Latest results for Zeiss lensesMonday March 28 2011 Lens Review
Planar T 85mm f/1.4
The 85mm f/1.4 ZE has a remarkable light transmission capacity. But transmitting light is not everything, and this lens has the same problem on both APS-C and full-frame sensors: it is very soft at wider apertures—but only at widest ones, since stopping down a little bit changes everything.
This is rather well summed up by its DxOMark score, showing the best low-light performance of this lens at f/2.8. This will be the key aperture.
The rest is solid: good transmission, no distortion, little vignetting, and a reasonable amount of chromatic aberration contribute to making this 85mm a good candidate for portrait shooting and even for sports on an APS-C, where its focal becomes 136mm.
On a full-frame sensor (EOS 1Ds MkIII):
Everything changes at f/2.8. Opened wider than this, the lens produces a very soft image. Hardly 20lp/mm at f/1.4… this is quite poor. Stopping down to f/2 makes the center better, but still soft. Things seem dull… but when f/2.8 is reached, everything changes. The center is suddenly very sharp, around 60lp/mm, the first one-third is solid, and the edges are almost good. Between f/4 and f/5.6, the whole first one-third is very good, and the rest of the field map stands above 50lp/mm. By the way, this area is the best one for this lens. Stopped down to f/8 and above softens the center, but maintains the field around 50lp/mm.
On an APS-C sensor (EOS 7D)
On an APS-C sensor, the scenario is the same. Wider than f/2.8, the lens is not sharp enough. At f/2.8 it suddenly becomes sharp all over the field map, and remains so until stopped down to f/8. Precise and regular.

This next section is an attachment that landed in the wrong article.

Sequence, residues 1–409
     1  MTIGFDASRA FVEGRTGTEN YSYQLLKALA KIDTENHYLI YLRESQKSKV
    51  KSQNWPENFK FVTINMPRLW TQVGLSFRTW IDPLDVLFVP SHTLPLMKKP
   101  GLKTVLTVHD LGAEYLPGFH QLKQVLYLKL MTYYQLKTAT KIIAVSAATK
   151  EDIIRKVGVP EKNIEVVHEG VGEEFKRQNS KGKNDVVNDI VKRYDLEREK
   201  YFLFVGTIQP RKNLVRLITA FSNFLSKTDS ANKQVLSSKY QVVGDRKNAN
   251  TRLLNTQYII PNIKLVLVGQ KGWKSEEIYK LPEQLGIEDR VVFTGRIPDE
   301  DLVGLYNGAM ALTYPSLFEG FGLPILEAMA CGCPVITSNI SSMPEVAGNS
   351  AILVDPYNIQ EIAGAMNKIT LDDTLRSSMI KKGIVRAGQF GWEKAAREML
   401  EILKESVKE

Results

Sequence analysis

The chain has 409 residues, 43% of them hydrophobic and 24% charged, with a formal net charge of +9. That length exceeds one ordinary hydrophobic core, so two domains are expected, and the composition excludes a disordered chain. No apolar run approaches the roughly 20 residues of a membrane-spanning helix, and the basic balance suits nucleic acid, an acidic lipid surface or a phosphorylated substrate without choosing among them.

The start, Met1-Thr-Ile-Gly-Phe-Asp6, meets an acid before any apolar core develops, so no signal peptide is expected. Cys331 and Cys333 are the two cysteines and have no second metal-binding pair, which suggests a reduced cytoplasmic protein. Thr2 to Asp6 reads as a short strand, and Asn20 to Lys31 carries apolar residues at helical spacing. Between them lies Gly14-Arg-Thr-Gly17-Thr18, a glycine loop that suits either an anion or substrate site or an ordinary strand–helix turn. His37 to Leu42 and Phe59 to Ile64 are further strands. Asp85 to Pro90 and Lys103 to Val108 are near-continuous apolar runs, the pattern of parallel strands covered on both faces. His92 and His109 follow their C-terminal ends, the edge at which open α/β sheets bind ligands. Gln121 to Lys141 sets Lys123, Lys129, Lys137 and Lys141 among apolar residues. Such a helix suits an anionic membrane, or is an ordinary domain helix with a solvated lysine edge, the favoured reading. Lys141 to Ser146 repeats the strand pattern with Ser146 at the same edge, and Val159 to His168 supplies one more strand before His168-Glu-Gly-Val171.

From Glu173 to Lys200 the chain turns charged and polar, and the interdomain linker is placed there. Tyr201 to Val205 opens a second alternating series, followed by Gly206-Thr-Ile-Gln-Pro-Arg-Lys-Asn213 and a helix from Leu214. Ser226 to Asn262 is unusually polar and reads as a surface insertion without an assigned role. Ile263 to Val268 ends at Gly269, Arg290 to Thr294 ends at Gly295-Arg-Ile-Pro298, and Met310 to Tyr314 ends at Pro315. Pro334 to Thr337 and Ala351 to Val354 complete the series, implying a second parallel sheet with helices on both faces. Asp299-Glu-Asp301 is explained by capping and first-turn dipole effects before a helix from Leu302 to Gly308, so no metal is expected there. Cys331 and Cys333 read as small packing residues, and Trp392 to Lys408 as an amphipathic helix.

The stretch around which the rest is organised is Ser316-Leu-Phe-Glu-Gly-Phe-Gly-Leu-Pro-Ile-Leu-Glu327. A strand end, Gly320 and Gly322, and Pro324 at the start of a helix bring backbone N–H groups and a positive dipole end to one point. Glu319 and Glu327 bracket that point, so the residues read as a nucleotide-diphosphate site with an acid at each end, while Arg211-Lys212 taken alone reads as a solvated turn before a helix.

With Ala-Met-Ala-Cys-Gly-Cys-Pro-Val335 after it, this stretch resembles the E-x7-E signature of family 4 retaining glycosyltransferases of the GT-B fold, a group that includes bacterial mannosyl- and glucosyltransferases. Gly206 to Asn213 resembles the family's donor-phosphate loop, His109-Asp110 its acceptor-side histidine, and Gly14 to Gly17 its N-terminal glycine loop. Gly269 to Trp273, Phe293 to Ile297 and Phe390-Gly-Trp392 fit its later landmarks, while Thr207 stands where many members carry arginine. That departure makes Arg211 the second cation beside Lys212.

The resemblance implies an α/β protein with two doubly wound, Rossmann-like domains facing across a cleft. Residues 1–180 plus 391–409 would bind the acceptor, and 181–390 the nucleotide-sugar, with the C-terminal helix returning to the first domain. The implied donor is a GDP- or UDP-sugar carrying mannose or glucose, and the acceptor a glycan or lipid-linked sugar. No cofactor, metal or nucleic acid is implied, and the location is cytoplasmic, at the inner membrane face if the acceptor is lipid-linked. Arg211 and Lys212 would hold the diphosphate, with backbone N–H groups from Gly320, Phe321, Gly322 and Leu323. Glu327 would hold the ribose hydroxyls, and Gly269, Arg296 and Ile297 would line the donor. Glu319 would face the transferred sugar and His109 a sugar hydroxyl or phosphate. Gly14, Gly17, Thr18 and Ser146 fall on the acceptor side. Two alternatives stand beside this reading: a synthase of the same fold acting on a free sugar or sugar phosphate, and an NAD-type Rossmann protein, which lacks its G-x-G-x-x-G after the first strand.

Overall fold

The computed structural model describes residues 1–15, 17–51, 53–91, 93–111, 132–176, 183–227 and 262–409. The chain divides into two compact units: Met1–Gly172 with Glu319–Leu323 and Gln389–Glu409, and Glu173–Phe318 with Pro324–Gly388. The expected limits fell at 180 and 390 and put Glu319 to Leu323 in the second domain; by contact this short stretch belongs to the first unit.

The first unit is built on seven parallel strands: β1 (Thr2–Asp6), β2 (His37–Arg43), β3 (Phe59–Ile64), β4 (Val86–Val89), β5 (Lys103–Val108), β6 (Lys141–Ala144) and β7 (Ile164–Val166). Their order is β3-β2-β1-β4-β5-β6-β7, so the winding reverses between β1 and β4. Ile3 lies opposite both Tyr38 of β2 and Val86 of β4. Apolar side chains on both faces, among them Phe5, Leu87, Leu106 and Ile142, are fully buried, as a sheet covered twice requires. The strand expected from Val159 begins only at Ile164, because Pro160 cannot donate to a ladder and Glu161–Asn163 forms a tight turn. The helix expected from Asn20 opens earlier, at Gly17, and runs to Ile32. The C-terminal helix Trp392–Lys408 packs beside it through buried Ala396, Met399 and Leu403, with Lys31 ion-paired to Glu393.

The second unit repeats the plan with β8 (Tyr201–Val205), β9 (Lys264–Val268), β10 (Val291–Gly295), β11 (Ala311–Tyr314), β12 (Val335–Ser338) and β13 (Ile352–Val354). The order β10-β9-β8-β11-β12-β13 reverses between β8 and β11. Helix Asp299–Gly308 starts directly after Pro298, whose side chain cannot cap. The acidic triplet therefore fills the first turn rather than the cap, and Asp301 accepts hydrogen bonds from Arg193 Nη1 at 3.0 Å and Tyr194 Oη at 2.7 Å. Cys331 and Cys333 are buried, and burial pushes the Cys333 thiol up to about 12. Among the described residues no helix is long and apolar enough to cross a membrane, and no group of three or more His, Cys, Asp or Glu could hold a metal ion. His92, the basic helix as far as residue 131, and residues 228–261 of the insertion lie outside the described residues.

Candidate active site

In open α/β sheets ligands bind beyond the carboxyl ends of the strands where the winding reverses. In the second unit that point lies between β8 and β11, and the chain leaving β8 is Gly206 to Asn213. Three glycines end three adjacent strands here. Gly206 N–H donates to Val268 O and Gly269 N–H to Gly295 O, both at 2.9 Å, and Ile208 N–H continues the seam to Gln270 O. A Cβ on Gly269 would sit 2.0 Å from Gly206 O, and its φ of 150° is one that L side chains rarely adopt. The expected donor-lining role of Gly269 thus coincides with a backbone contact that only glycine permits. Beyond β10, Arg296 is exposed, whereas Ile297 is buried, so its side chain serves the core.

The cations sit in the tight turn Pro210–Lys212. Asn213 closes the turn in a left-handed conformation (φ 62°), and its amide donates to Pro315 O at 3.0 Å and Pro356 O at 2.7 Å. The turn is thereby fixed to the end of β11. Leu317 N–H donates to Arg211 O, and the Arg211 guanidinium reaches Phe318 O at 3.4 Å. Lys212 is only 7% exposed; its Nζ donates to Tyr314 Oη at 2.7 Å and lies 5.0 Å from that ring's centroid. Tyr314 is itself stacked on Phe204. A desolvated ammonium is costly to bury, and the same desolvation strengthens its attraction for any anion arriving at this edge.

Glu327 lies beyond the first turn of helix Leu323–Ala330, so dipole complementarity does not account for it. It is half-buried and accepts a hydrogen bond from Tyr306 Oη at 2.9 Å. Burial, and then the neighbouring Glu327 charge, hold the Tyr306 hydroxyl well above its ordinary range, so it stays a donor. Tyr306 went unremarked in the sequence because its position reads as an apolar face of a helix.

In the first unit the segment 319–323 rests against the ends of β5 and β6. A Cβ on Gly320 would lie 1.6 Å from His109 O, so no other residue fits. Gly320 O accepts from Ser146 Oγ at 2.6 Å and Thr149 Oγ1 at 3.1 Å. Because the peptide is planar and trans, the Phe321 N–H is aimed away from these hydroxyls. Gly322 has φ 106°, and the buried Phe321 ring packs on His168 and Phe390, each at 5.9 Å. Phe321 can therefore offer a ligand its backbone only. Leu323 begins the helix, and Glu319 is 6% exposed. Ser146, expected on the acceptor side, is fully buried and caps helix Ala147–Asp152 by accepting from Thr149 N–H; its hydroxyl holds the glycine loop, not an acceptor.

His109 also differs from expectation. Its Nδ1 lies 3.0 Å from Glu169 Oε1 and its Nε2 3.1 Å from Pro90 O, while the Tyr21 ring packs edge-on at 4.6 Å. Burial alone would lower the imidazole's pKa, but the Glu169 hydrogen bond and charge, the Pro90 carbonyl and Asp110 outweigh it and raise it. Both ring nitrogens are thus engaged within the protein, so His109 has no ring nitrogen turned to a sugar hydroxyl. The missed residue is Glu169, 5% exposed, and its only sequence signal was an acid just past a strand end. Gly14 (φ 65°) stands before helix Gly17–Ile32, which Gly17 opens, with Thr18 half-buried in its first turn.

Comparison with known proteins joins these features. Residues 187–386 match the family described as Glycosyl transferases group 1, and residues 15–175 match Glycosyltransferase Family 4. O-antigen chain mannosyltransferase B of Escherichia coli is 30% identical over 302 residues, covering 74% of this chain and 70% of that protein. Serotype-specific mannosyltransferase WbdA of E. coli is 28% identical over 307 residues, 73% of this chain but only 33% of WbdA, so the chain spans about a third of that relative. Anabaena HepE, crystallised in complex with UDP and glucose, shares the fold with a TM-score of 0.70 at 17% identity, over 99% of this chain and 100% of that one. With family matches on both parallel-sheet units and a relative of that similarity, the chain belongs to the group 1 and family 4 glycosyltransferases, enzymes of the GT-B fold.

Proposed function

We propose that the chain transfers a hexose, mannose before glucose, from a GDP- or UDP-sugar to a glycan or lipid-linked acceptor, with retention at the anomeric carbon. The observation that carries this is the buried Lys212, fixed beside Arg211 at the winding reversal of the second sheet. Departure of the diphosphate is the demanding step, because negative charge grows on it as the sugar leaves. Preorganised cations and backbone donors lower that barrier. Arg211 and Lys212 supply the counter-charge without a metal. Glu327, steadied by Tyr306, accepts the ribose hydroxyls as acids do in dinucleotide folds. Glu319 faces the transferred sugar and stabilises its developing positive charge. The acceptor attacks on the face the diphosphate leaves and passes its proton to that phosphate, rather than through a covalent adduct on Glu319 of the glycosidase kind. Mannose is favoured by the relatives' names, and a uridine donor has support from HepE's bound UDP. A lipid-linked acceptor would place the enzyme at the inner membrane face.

Vignetting is noticeable, although very light when the lens is fully opened, but vanishes when stopped down to f/2.
This 85mm achieves its best DxOMark low-light score at f/2.8 on both APS-C and full-frame sensors, and its best mid-light score at f/4. Sharp, it produces almost no distortion, limited vignetting, and limited chromatic aberration on the edges of the field.
This is a good companion for portraits, and even for sports, thanks to the crop factor that an APS-C sensor provides.
On a full-frame sensor (D3X):
As with the 50mm we studied earlier, the maximum aperture lacks definition on the whole field and the lens has to be stopped down by 2 stops to offer a central zone above 50lp/mm. At f/4, the center becomes very good, and at f/5.6, the sides of the field rise above 50lp/mm as well.
Vignetting, visible at wide apertures, completely disappears at f/2.8 and smaller apertures.
On an APS-C sensor (D300s):
The resolution scenario is very similar here. Very soft when wide open, the lens has to be stopped down to f/4 to reach both its best resolution and to achieve good homogeneity on the whole field.
Already very limited at full aperture, vignetting completely vanishes 1 stop later. At f/2, there is no visible vignetting.